An interesting read the case seems to be pretty evenly balanced. It puts forward 5 points from the case.
1. Margins App Store operates on a 78% profit margin Epic says that reflects a monopolistic control. Apple disagreed but didn’t rebut the number. Apple ‘argued that it could not calculate a margin figure for the App Store as it does not calculate costs and revenues that way. That allowed Epic to argue that Apple’s reluctance to discuss the details was itself evidence that the iPhone maker is aware of the anti-competitive optics at play.’
2. Cook’s testimony; he tried to avoid the issue of profit margins and other items by saying he didn’t know. He couldn’t answer ‘why Google pays Apple about $10bn a year to be the default search engine on the iPhone.’ So Cook and Apple lacked credibility.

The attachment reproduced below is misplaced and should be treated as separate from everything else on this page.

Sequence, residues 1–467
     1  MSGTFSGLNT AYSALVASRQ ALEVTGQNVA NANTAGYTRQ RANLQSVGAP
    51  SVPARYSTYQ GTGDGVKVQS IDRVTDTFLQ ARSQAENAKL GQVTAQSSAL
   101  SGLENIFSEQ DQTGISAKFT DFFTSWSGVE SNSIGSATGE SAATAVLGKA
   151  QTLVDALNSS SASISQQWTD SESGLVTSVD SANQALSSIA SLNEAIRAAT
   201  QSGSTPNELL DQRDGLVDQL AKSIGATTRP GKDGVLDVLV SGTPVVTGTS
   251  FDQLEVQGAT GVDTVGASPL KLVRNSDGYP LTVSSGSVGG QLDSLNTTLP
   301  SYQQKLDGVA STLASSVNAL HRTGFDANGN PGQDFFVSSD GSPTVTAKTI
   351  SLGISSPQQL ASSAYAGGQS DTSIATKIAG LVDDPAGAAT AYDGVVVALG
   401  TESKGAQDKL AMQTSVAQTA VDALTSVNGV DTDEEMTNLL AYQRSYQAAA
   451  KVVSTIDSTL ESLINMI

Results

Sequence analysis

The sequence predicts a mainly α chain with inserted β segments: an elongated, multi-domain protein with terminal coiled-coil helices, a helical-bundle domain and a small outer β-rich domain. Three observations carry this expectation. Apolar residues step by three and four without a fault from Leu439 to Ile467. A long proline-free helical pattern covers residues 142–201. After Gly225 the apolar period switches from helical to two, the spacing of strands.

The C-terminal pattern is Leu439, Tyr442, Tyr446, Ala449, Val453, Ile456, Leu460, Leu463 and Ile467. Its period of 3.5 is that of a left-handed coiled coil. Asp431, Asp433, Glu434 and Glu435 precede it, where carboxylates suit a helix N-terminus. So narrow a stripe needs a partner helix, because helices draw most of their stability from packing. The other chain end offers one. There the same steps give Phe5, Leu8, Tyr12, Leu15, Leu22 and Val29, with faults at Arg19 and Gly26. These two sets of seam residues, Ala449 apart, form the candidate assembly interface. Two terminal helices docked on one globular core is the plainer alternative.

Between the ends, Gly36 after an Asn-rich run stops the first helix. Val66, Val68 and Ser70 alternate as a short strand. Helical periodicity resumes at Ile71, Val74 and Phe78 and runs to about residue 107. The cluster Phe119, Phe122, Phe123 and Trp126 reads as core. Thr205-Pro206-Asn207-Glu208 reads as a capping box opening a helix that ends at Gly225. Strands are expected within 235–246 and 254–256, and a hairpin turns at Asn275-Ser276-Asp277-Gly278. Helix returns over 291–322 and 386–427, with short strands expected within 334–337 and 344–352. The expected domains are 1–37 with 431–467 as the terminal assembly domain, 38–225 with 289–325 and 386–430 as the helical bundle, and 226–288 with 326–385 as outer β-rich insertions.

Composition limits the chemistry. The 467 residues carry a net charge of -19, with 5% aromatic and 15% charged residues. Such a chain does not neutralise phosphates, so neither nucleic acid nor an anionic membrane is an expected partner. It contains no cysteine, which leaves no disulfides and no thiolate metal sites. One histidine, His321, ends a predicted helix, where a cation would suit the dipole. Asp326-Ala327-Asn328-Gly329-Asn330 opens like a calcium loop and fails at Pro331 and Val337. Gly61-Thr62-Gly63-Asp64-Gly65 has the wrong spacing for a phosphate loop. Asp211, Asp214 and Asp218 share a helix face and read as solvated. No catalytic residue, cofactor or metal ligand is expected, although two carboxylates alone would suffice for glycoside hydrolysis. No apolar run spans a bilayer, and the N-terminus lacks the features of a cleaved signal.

3. Defining the market. Cook said whilst Apple controlled access to iPhones people could switch to another maker. I think everyone knows that is true but in reality with years of data linked with ones phone and other appliances that is not really an easy option. Apple has spent years weaving us into its network.
4 The Macbook precedent Epic said its request was not all that revolutionary, it just wanted the iPhone to act more like MacBooks and iMacs. Macs allow users to download apps beyond what is available in the Mac Store, it said, so why can’t the iPhone be the same way? Apple’s defence was unexpected: the Mac isn’t safe.’
5. Parsing the judge. ‘González Rogers probed both parties on Monday to try to find a middle ground, but neither side wants that. The judge looked reluctant to make what she said would be sweeping changes to Apple’s business model.’
But she said “The 30 per cent number has been there since the inception,” she said. “And if there was real competition, that number would move. And it hasn’t.”